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As David Frum notes in The Atlantic, over the past 18 months 90 percent of American colleges and universities have hired “chief diversity officers,” part of an “already thriving industry” long apparent in California. As Heather MacDonald observed, though facing state and federal funding cuts in 2012, the University of California San Diego hired its first vice chancellor for equity, diversity and inclusion, at a starting salary of $250,000. In 2010 UC San Francisco appointed its first vice chancellor of diversity and outreach, with a starting salary of $270,000. “Each of these new posts,” MacDonald wrote, “is wildly redundant as armies of diversity functionaries already lard UC’s bloated bureaucracy.” To understand why the diversity industry is a waste of money, taxpayers need to dial back two decades.
On November 5, 1996, Californians voted 54 to 46 percent to approve Proposition 209, the California Civil Rights Initiative: “The state shall not discriminate against, or grant preferential treatment to, any individual or group on the basis of race, sex, color, ethnicity, or national origin in the operation of public employment, public education, or public contracting.” Public colleges and universities remained highly diverse and inclusive, as they were before. Bureaucrats could still take affirmative action to help needy students, but they could no longer discriminate against some groups to impose the politically correct dogma that all institutions must reflect the ethnic proportions of the population. This dogma, not part of state law or the Constitution, ignores personal differences, effort, and choice, and the reality that statistical disparities are the rule, not the exception.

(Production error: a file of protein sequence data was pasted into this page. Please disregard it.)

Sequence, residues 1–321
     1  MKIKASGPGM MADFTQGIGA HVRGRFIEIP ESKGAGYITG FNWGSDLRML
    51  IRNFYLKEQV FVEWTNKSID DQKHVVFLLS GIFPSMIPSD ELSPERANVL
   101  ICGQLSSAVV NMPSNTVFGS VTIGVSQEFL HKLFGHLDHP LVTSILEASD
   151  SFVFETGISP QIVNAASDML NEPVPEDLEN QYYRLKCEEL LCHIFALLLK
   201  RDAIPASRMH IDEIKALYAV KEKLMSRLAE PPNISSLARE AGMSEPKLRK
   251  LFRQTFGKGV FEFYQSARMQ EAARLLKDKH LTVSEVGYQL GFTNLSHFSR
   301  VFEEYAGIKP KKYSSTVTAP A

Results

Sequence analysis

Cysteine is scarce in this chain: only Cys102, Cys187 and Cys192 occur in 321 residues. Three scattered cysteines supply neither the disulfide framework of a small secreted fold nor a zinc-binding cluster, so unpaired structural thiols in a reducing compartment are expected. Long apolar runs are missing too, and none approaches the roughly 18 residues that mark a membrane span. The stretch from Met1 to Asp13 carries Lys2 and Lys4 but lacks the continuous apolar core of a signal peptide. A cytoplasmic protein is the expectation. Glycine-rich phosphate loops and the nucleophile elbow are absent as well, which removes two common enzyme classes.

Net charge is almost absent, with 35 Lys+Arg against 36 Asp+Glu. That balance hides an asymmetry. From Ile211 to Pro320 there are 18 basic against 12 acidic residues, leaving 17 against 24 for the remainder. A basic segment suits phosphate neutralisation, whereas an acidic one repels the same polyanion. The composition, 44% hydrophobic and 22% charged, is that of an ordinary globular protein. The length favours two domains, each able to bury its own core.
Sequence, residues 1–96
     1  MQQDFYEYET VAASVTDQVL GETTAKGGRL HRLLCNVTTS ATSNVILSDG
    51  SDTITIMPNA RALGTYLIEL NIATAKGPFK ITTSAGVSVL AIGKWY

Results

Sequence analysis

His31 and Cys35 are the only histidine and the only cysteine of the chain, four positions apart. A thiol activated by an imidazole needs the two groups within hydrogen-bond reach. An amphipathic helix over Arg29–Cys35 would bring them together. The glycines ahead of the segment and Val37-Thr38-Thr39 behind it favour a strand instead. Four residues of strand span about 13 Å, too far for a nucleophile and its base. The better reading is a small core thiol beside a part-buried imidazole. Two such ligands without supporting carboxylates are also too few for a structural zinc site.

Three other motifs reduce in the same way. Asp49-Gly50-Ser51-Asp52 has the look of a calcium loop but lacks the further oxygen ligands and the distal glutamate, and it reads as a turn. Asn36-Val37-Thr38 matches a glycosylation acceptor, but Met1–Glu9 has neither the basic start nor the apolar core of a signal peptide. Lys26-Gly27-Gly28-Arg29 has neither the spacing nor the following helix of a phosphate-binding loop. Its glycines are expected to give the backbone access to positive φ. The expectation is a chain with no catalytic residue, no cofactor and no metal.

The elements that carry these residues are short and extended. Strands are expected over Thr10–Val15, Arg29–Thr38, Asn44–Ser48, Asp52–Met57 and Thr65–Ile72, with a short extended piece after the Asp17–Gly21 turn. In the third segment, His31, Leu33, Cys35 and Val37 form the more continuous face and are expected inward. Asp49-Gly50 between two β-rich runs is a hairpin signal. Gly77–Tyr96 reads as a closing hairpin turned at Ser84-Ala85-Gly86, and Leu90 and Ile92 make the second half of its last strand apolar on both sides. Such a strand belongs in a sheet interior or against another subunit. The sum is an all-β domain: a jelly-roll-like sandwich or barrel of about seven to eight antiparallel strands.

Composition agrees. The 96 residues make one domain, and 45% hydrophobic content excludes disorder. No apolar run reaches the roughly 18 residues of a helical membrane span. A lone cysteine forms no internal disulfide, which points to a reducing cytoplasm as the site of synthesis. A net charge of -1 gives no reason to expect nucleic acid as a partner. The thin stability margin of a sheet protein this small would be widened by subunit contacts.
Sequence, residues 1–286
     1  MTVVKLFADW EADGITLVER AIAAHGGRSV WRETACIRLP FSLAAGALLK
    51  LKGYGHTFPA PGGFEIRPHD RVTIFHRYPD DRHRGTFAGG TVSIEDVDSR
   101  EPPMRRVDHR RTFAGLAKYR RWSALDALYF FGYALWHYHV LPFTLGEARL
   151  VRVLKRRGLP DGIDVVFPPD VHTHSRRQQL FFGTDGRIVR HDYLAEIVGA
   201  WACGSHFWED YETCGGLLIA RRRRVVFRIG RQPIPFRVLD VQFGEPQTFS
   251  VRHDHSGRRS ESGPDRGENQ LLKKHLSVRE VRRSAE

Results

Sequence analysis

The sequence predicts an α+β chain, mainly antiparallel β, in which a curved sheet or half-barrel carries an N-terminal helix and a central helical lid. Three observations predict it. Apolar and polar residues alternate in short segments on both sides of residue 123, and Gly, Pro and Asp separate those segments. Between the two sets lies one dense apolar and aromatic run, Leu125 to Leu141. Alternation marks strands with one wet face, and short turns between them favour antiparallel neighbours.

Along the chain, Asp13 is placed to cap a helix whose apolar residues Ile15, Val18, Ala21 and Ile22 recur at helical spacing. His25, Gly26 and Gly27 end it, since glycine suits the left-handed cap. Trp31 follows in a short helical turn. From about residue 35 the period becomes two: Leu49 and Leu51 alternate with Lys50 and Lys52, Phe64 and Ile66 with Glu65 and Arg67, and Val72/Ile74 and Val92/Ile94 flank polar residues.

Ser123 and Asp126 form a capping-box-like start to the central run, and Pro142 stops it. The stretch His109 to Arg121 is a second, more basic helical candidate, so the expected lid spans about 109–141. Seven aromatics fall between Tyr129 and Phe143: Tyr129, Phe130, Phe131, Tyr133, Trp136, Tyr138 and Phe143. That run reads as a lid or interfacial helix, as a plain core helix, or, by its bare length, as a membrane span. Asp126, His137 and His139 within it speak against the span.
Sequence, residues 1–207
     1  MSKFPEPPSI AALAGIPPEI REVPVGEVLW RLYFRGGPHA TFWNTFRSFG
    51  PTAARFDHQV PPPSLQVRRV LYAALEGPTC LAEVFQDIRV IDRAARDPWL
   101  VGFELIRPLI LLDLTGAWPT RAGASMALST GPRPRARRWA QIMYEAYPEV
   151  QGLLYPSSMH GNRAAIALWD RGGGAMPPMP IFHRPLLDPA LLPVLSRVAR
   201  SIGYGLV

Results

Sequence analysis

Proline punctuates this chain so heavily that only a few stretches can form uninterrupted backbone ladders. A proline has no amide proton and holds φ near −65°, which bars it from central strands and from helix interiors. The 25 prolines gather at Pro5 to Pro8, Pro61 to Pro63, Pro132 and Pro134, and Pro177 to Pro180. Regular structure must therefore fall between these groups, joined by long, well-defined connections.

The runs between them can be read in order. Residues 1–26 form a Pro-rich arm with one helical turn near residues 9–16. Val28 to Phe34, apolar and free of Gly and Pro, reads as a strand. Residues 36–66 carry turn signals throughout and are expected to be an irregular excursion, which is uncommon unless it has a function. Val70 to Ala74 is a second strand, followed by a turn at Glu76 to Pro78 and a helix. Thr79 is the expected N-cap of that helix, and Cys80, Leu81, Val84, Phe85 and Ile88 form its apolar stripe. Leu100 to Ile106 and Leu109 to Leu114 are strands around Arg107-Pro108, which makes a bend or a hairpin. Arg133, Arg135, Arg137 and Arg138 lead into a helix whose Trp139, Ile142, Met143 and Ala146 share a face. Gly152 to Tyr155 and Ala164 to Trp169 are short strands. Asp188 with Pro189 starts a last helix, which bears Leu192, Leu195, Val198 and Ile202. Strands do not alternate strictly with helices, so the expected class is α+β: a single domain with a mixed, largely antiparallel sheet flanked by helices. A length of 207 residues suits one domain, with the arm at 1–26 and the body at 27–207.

After the ban on preferences took effect, as Thomas Sowell noted in Intellectuals and Race, blacks and Hispanics with degrees in science, technology, math, and engineering rose 51 percent, and the number of doctorates earned by such students rose 25 percent. That happened without input from University of California’s surging army of diversity bureaucrats, who don’t teach. So like David Frum, taxpayers might wonder, “what do these administrators do?” They waste money, lard up an already bloated bureaucracy, and make higher education increasingly expensive.